In addition to using theoretical arguments like these, ethicists of belief can connect doxastic norms by appealing to empirical data. At this point Clifford breaks into two examples that illustrate his point.
If everyone always went with the odds then we Critique of william cliffords ethics of not even have professional sports games at all.
There are several points of contention I have with this section as presented by Mr. If that is correct, then another less demanding sort of principle must be in the offing, one according to which at least some beliefs can simply be held on the basis of sufficient evidence, regardless of whether the subject has any beliefs about that evidence.
In the next section, Clifford attempts to address some of my concerns but I intend to demonstrate that he not only fails, but actually begins espousing several arguments which, I think, undermine and ultimately defeat his own arguments up to this point.
There is also a big controversy regarding whether the most fundamental concept here is of degrees of belief or credences. We have seen that our conception of the aim of belief can influence our conception of doxastic norms.
Still others focus on the fact that we can be praised and blamed for beliefs as well as actions that are not under our control, even if there are no obligations on belief-formation. In other words, it is prudent, given your ends, to withhold belief about the source of the aroma altogether, or even to believe, if possible, that he is not smoking pot but rather burning incense in your absence.
Does going with the odds mean that there is insufficient evidence for a long shot? This thread is basically a spillover from the discussion that took place between Post 27 to about Post 62 of this thread: It struck him that his ship was rickety, and that its soundness might be in question.
But perhaps I ought to look into those peoples backgrounds too. P1 We have an epistemic obligation to possess sufficient evidence for all of our beliefs; P2 We have a moral obligation to uphold our epistemic obligations; C Thus, we have a moral obligation to possess sufficient evidence for all of our beliefs.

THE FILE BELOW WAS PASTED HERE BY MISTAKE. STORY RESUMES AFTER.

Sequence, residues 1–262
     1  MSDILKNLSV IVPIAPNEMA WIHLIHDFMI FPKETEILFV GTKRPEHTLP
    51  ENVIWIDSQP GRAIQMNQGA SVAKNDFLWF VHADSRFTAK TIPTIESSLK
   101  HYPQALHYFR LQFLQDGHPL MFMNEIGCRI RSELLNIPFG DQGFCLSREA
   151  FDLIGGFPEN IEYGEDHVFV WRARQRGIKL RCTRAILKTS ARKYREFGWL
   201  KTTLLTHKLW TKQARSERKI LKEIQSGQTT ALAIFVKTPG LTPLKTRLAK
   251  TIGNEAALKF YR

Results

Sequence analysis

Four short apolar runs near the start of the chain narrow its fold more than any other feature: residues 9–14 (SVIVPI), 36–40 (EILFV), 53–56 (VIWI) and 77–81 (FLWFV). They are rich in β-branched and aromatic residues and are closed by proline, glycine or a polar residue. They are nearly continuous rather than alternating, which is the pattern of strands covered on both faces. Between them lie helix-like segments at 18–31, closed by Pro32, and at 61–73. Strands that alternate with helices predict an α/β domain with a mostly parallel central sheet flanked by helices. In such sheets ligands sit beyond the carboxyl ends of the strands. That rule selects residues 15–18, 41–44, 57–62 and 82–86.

If evidence is not merely in the head, so to speak, then the possession condition in Evidentialist norms may turn out to be quite complex.
Whether or not these parallels are illuminating, and whether a view in the ethics of belief constrains our options in the ethics of action, is still an open question see KornblithDougherty Here is a link to the complete article: In some places, Clifford seems simply to presume that epistemic duty is a species of ethical duty.
Though doubts had been raised about the ships seaworthiness from both others and within ship-owners own mind, he eventually saw fit to send his ship on her way sincerely believing all was well. In the absence of those conditions, James reverts happily to a broadly Evidentialist picture see Gale, Kasser and Shahand Aikin After this, however, agreement breaks down.
The main distinction here is between hypothetical and categorical structure. One other issue Clifford attempts to bring up is this notion that allowing people to harbor believes which we think that they hold for insufficient reasons is so corrosive as to ruin the entire fabric of mankind as we know it.The ethics of Belief: Argues against Pascal by saying that belief is an ethical choice that must be made with sufficient evidence.
William Paley The Watch and the Watchmaker: Watch to a watchmaker as earth is to God. A Critique of William K. Clifford's "The Ethics of Belief" Authors. Tony Frontuto, College of DuPage. Recommended Citation. Frontuto, Tony () "A Critique of William K. Clifford's "The Ethics of Belief"," ESSAI: Vol.
11, Article Critique of William Cliffords Ethics of Belief illustrate the inherent dangers that lurk in building belief systems on an illegitimate foundation and why you are morally obligated to hold true belief systems. 1. The Ethics of Belief: A brief history Origins of the debate.
The locus classicus of the ethics of belief debate is, unsurprisingly, the essay that christened it. “The Ethics of Belief” was published in by Cambridge mathematician and philosopher William Kingdon Clifford, in a journal called Contemporary mint-body.com the outset of the essay, Clifford.
Notes on Peter van Inwagen's Critique of Clifford's The Ethics of Belief Notes: Van Inwagen’s “Is it Wrong Always, Everywhere, and for Anyone to Believe Anything on Insufficient Evidence?” Preliminaries. William James, the New Atheists, and the Possibility of Agnosticism atheists.
In Part Two I examine Dawkins critique of agnosticism, arguing that it fails because it Given this implicit appeal to Cliffords ethics of belief it is somewhat surprising that.Download